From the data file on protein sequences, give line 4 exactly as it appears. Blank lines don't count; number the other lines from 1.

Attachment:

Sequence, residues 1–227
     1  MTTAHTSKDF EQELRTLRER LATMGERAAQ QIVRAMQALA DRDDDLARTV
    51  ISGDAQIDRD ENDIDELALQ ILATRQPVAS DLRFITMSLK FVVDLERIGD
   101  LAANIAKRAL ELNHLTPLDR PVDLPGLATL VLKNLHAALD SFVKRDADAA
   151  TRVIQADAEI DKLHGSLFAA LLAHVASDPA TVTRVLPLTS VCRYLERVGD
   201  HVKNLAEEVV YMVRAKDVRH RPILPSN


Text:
   101  LAANIAKRAL ELNHLTPLDR PVDLPGLATL VLKNLHAALD SFVKRDADAA